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Hyponatremia as an Inflammatory Marker of Lupus Activity Is a Fact or Fad: A Cross-Sectional Study

Authors Yamany A, Behiry ME, Ahmed SA

Received 3 November 2019

Accepted for publication 24 January 2020

Published 12 March 2020 Volume 2020:12 Pages 29—34


Checked for plagiarism Yes

Review by Single-blind

Peer reviewer comments 2

Editor who approved publication: Professor Chuan-Ju Liu

Ahmed Yamany, Mervat E Behiry, Sahar A Ahmed

Faculty of Medicine, Cairo University, Cairo, Egypt

Correspondence: Mervat E Behiry Tel +20 1124205071
Fax +20 26 28 884

Purpose: Systemic lupus erythematosus (SLE) is an autoimmune disease with multi-organ involvement. Hyponatremia is common in inflammatory diseases such as meningitis. Also, it has been found to be strongly associated with the degree of inflammation. However, it has not been fully evaluated in lupus. This study aimed to assess the inflammatory impact of hyponatremia in SLE patients and investigate its relationship with SLE disease activity.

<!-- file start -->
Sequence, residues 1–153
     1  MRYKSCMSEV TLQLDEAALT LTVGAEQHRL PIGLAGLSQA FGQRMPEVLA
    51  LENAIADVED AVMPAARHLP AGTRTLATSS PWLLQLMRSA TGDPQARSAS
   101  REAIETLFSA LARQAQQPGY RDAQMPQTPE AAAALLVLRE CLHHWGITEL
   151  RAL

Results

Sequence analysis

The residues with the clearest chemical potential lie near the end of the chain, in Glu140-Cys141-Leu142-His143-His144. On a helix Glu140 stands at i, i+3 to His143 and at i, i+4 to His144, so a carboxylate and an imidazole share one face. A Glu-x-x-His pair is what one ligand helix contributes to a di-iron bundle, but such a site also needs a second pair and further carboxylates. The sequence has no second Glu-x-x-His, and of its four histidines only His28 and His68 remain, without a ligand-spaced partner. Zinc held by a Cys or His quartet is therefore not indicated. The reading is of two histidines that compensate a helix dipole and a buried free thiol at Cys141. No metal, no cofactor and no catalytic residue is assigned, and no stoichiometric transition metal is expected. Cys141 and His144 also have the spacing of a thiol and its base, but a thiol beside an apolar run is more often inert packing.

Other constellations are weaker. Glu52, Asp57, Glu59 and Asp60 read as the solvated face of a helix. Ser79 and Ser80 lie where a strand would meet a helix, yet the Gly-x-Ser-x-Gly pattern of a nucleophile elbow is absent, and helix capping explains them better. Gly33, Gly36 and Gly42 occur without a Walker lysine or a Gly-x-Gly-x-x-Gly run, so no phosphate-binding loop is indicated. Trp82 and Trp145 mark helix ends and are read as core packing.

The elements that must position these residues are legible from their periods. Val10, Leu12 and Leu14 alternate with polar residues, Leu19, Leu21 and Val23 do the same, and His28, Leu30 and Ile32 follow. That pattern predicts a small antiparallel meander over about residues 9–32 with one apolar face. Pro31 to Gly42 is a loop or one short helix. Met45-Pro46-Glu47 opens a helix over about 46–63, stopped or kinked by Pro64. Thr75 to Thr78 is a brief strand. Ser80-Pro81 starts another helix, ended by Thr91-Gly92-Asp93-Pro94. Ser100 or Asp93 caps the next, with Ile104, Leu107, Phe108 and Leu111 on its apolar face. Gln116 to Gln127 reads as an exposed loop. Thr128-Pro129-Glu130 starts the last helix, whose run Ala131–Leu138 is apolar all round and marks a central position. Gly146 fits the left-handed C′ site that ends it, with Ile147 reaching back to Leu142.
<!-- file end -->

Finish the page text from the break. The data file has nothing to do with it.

Patients and Methods: A total of  101 patients with SLE were enrolled in this study and divided into two groups according to Na level; a normo-natremic group and a hyponatremic group. Demographic and clinical data were collected. SLE activity was assessed by the systemic lupus erythematosus disease activity index (SLEDAI). The estimated sedimentation rate (ESR) as well as levels of C-reactive protein (CRP) and complements (C3 and C4) were measured.
Results: The majority of patients were females (98 subjects) (97%) with a mean age of 33± 8 years. Out of 101 participants, 40 patients (39.6%) were hyponatremic with a mean Na level of 131.58± 3.11 mmol/L. There was a statistically negative correlation between both ESR and SLEADI score and Na level (r=− 0.436 and − 0.436, respectively) with p=0.002, whereas Na level was positively correlated with complements, Cl, and albumin levels (r=0.653, 0.314, and 0.460, respectively) (p=0.000, 0.027, and > 0.001, respectively). CRP was not correlated with Na level. ESR was independently correlated with hyponatremia at the 95% CI for Exp B (0.997– 0.058) with a p-value of 0.048.
Conclusion: Hyponatremia could be used as an indicator of SLE activity. Also, it might be an easily and rapidly detected as well as a prognostically useful marker of inflammation.

Keywords: lupus erythematosus, activity, hyponatremia, complement, inflammation

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